The USDA tracks syrup production and prices in the top 10 producing states. On that list, New Hampshire has recently ranked eighth, Massachusetts ninth. The industry is much more significant to the top three states — Vermont, New York and Maine.
Vermont produces 40 percent of the country’s maple syrup. New York is a distant second, making 18 percent. New Hampshire trails at 4 percent and Massachusetts is responsible for just 2 percent.
New Hampshire will never be number one, Pearl said, because there simply aren’t enough maple trees or taps.
“I was a little surprised by the (eighth-place) ranking,” she said. “In the past, we’ve ranked higher. We were fourth at one time.”
Fourth is about as high as the Granite State can hope to climb, she said. The top states have more trees, more taps, more producers.
Brian Folsom of Folsom’s Sugar House in Chester was satisfied with this year’s production, but he’s seen better seasons.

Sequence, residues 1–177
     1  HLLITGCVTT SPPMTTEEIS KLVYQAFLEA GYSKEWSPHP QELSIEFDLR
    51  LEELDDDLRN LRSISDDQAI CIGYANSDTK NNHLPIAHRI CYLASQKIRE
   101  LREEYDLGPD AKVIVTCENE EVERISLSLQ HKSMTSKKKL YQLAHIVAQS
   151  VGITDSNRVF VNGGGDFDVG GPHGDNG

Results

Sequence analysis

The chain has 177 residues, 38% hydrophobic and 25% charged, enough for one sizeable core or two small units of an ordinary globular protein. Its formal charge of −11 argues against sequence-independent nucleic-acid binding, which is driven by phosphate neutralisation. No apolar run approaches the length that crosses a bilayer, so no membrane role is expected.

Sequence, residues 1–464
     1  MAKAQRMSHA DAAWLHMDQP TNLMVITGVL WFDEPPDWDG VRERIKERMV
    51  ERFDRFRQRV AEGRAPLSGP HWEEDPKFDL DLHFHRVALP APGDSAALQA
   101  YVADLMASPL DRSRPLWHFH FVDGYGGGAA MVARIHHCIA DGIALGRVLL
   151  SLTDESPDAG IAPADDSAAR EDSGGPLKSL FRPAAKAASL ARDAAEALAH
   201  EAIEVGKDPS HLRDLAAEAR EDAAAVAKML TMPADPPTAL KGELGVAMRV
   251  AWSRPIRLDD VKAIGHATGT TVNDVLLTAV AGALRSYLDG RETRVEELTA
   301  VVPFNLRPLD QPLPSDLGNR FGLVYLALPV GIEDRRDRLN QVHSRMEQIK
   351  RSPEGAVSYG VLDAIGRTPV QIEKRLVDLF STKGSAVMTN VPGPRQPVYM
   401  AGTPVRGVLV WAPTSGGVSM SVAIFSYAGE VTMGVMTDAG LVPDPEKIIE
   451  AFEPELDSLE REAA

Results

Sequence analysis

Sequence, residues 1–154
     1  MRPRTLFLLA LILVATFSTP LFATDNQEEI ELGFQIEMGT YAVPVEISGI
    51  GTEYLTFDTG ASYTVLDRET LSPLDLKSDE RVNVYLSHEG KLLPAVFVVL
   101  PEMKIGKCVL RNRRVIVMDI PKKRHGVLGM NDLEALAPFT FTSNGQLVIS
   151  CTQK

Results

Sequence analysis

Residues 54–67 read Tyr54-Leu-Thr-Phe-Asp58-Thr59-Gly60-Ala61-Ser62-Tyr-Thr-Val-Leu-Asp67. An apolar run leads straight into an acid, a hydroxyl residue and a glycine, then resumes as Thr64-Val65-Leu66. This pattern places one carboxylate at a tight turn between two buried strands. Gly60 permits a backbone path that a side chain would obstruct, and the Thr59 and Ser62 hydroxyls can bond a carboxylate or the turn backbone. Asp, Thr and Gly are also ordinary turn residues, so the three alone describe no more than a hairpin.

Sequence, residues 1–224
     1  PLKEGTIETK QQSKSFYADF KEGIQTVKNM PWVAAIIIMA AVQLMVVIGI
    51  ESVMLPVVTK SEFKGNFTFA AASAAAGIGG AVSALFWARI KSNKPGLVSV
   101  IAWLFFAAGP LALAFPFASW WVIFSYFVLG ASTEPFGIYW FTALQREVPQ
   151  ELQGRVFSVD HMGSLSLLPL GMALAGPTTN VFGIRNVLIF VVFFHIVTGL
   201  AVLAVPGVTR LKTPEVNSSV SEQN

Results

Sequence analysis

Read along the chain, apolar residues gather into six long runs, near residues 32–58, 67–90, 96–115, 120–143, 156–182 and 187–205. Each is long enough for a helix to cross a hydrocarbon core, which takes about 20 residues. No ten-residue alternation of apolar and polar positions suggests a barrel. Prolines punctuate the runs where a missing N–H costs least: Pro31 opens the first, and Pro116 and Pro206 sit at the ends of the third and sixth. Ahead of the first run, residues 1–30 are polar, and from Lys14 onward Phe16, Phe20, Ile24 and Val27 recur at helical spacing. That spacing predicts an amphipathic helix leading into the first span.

“It was a little better than average,” Folsom said. “We had good crowds as far as visitation to the sugarhouse. Last year on Maple Weekend, it was so warm we joked people would probably go to the beach. It was more typical this year.”
Folsom, who’s been sugaring since 1990, has about 500 taps and only uses buckets. It’s less that he’s a traditionalist and more a function of tapping in about 20 different spots, which doesn’t lend itself to using tubing.
He, too, said production is all about the weather.
“It’s always the case,” he said. “It’s a short season. It really comes down to the weather.”